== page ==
Startup advice from Venture Capitalists

The Startup Rojak, held at The HUB (Singapore) on Thursday 30th May, hosted a panel of three experienced Venture Capitalists (Frank Lee, Wayne Goh & Anand Govindaluri), for a question & answer session providing startup advice to wannabe Entrepreneurs and new startups. There were lots of insights, but a few really stood out.

Investors talking at Startup Rojak

Question: What advice would you give to an entrepreneur sending you a pitch?

Answers: From all the discussion on this point, the essence really boiled down to the following key points:

  1. Don’t send 60 page business plans, especially not by courier
  2. VC’s only get about 3 pages in, if they’re not excited, they won’t read the remaining 57 pages
  3. Presentation is important, it should be punchy & concise and convincing
  4. Know the VC & tailor your pitch to them. A generic (spam) pitch is obvious and will be ignored
  5. Don’t request for meetings without giving any information on who you are or what you’re doing, they’ll probably just say no
  6. Ensure that your project matches the interests of the VC you’re approaching, otherwise you’re wasting everyone’s time
  7. People are really important, VC’s invest in the team as much as they do the idea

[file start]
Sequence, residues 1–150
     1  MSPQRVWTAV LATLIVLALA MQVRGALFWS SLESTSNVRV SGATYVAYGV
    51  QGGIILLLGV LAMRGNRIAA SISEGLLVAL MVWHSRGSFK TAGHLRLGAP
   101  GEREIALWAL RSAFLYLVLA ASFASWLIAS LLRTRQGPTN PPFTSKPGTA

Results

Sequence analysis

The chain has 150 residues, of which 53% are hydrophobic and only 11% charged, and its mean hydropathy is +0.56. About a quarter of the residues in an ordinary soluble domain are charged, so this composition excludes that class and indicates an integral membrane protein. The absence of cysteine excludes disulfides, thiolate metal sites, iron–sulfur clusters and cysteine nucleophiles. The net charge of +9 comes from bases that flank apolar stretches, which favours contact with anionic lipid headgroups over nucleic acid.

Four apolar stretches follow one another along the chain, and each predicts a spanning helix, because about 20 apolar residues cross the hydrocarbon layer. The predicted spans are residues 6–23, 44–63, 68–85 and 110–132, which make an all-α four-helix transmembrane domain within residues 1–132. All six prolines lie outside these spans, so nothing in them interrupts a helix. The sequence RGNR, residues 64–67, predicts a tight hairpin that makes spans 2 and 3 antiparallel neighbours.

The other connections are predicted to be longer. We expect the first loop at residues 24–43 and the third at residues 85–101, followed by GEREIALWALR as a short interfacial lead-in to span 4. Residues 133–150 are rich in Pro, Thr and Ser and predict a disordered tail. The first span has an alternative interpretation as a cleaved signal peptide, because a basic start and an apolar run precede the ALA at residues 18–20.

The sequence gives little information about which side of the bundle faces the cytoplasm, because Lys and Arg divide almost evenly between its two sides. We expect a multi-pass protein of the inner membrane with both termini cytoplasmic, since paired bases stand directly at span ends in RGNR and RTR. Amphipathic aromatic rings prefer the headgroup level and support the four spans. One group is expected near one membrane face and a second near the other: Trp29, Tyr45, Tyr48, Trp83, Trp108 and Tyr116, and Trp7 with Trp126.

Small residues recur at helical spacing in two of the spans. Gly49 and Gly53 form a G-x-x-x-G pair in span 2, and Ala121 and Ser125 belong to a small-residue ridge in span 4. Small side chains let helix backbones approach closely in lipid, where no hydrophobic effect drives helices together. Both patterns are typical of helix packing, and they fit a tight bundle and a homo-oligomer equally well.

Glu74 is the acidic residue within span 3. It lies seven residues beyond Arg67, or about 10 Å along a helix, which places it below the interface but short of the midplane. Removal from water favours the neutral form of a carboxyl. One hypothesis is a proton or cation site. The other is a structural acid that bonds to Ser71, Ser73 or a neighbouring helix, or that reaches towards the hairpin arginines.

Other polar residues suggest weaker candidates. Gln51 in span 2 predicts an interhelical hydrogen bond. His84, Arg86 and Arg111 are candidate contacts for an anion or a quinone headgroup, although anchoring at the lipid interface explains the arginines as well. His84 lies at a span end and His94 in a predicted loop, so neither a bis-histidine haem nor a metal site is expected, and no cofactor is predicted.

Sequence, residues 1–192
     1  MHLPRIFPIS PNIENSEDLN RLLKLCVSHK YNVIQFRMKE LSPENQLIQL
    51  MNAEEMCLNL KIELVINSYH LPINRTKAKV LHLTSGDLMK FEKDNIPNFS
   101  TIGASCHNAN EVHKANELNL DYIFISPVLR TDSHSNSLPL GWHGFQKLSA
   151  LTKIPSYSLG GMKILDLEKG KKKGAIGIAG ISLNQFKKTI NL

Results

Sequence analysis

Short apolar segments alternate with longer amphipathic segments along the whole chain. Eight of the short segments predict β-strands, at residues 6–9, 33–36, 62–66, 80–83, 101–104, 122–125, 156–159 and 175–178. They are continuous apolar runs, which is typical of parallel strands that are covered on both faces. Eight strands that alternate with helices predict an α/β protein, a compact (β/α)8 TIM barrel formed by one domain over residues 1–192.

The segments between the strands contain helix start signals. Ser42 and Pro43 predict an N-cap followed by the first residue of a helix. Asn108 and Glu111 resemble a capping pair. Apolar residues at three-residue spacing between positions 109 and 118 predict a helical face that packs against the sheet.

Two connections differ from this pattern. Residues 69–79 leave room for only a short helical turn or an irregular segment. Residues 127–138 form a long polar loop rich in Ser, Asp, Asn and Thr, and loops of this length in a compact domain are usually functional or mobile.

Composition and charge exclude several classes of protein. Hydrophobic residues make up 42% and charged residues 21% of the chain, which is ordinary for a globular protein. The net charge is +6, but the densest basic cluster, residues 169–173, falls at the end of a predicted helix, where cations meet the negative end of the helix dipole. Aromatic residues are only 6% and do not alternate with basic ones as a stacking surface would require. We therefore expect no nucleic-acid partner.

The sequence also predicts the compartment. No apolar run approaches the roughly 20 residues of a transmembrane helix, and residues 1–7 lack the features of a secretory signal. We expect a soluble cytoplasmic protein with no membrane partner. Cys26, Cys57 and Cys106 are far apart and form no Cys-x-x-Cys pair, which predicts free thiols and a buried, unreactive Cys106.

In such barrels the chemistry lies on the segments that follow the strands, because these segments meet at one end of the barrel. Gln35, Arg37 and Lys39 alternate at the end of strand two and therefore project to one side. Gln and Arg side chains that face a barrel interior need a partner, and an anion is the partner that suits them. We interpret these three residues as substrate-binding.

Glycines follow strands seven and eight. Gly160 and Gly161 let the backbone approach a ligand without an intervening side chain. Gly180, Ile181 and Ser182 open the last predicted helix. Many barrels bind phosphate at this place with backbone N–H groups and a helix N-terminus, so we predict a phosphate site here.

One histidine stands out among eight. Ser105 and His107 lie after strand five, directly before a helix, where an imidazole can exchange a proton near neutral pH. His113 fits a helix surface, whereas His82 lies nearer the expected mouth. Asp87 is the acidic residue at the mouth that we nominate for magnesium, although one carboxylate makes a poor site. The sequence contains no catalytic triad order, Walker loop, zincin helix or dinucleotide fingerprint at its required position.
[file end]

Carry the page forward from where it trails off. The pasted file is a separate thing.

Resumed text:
Question: What do you think is important in a good startup team?

Answer (Anand):

  1. Diversity (not purely technical, or purely sales, etc.)
  2. An appetite for risk
  3. Teams that have a good dynamic & gel well together, preferably that have experience together
  4. A solid awareness of the macro landscape & the landscape of their industry
  5. Teams with good advisors

Question: What does scalability mean to you?

Answer (Anand):

  1. The team’s end goal defines the upper limit of where the business will scale to, it’s where they want the project to be in 5 years
  2. A realistic understanding & optimistic vision of how the business can be grown
  3. Services are fine, as long as they demonstrate clear competitive advantage or disruptive innovation (ie: reducing a service delivery processes from 13 steps to 6 steps, it’s still a service, but best of class and defensible knowledge)

Answer (Frank):

  1. Directly scalable production capabilities, preferably products
  2. Services might be good lifestyle businesses, but it’s rare that they are scalable

Answer (Wayne):

  1. We’re all about software, because it’s scalable.
  2. Ask how you’re going to penetrate certain markets, analyse your knowledge & plan of attack for them
  3. Software, software, software.

Questions: Is a previous “failed” startup a red flag for an investor?


  1. Only if you think it’s a red flag, we see startup experience as beneficial, but you need to demonstrate an understanding of what went wrong – and what you’re doing differently.